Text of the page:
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Dealing with Culture Shock in China

Updated 15 Oct 2012

You can hardly open a magazine or newspaper these days without finding an article on the rise of China, so it’s not surprising the country attracts scores of expats looking to boost their international business bona fides or experience some of the most vibrant cities in the East. But China is, after all, on the other side of the world and possesses a distinct, centuries-old culture, so any new arrival will have to overcome a bit of culture shock.

Day-to-day realities in China

At first, simple tasks can consume an entire day: figuring out how to navigate stores, utilities, and other chores becomes more difficult than expected. Linking up with a community of expats helps. Check English-language magazines and websites such as The Beijinger or Shanghaiist (most big cities will have something) for events or enrol in a language school.

“The most difficult thing for me was the pollution,” says Wendy Chow, an Australian expat who’s lived in Beijing for almost five years with her husband and their two young children. After pollution, the next most frequent source of complaints is the traffic. Expect traffic jams in big cities and very, very crowded buses and trains.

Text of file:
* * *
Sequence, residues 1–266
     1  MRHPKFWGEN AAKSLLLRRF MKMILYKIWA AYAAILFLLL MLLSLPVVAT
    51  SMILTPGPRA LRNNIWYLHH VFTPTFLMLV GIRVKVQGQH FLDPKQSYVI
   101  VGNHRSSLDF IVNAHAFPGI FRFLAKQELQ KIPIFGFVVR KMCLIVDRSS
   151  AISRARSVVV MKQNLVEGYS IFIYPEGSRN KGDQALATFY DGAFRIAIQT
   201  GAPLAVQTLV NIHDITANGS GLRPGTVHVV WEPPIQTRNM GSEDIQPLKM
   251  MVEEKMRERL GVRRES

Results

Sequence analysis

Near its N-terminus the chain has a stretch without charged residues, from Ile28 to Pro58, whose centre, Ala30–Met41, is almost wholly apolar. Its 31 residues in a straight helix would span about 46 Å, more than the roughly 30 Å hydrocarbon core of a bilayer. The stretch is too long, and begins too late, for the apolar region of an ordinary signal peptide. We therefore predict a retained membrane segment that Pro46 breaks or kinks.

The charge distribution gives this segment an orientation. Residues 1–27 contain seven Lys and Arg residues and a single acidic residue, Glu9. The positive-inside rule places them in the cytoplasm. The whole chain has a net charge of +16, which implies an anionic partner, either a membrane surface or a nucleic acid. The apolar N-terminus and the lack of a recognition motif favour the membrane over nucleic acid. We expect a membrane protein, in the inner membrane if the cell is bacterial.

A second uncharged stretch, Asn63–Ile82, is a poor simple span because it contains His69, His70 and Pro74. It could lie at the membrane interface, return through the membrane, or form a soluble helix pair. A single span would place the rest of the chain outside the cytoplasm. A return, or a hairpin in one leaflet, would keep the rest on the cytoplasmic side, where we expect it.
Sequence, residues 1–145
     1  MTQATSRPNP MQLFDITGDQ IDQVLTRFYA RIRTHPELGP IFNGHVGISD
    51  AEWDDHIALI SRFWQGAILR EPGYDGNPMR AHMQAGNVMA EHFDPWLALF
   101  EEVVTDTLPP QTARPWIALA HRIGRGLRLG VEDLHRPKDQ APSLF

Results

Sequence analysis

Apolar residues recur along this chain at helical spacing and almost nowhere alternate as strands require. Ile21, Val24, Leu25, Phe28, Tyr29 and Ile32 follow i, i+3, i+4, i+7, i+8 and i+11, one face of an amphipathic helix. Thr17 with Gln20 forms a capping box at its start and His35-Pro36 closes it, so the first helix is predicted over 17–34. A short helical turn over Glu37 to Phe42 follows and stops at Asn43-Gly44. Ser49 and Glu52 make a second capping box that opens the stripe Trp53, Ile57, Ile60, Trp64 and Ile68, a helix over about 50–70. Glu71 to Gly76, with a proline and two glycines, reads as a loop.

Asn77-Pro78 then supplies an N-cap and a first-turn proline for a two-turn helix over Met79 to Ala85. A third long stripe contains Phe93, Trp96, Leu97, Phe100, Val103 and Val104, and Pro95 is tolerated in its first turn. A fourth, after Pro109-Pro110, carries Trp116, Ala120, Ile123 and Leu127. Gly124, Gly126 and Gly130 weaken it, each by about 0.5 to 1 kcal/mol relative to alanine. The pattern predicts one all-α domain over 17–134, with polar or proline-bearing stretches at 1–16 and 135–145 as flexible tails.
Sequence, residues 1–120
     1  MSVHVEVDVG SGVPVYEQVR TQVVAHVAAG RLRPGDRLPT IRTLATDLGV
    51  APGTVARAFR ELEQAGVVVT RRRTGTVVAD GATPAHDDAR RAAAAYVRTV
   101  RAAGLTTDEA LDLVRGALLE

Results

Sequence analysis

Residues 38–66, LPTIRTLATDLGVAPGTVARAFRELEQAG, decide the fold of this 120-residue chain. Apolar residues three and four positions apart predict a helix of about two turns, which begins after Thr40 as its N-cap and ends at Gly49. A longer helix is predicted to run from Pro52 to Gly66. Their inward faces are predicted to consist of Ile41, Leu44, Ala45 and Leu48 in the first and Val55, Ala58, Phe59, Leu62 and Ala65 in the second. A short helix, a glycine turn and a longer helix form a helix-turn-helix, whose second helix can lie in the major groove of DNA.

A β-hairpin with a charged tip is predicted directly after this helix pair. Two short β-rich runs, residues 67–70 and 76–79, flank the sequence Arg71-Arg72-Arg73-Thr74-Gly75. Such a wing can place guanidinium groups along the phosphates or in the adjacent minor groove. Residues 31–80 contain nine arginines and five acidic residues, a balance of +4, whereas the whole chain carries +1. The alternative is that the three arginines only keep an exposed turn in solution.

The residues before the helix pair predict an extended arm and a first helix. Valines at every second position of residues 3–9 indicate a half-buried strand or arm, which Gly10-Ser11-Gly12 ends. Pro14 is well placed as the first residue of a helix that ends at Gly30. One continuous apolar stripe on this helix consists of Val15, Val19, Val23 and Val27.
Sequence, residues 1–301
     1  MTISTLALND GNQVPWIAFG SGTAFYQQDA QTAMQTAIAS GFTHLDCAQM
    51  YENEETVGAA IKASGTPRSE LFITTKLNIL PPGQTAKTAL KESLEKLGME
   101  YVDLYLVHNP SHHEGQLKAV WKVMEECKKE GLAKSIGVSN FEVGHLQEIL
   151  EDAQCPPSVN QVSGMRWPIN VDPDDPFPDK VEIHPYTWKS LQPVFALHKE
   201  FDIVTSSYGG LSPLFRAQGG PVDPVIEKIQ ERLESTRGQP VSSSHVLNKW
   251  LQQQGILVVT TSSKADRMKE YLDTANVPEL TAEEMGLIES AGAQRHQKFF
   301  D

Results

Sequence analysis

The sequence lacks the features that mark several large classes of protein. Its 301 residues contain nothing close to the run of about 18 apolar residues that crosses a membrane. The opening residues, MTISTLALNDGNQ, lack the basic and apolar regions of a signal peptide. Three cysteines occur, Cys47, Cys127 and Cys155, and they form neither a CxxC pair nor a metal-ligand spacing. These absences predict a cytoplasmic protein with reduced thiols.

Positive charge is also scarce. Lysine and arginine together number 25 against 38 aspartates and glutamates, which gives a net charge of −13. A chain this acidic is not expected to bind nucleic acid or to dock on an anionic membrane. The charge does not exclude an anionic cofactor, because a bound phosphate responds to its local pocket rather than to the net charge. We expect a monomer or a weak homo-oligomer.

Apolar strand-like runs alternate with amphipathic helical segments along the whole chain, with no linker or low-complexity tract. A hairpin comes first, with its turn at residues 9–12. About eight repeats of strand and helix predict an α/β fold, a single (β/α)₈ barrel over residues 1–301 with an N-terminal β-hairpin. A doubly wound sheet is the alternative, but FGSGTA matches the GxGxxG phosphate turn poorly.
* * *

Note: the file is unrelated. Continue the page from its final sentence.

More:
Chinese cities are busy and bustling. Despite initiatives to curb spitting and nose blowing the sidewalk, you’re likely to encounter that sort of behaviour on a regular basis. Even in nicer restaurants, bathrooms tend to feature squat toilets. The level of cleanliness can be difficult to adjust to, but if you can learn to appreciate China’s freewheeling ways, those concerns fade into the background.

Being a foreigner in China

As a foreigner—often referred to as laowai (“old foreigner”) in Mandarin—you’ll draw attention. In touristy areas, people may jack up prices or attempt all manner of scams (one of the most popular is luring foreigners to a teahouse to “practice English” and then leaving the visitor with a very expensive bill). Outside of big cities, expats often find that locals stare or ask to take photos with them, but the attention is generally positive.

“I moved to Tianjin and it was the best city to have as a first city,” remembers Australian Rhys O’Loughlin, now a Shanghai-based teacher and musician. “Nearly every time I went out, someone would invite me to their house to practice English and for some reason, their mum would want to cook for a foreigner. This made the transition a lot easier as I was having good conversations, practicing Mandarin, and really throwing myself right into the deep end, culture-wise.”

People who are ethnically Chinese but grew up elsewhere sometimes have it the hardest, since they “look Chinese” and are expected to be familiar with the language and culture. And while white skin can open doors (see the “rent a white guy” phenomenon), other races sometimes find that unpleasant stereotypes precede them.

The language barrier in China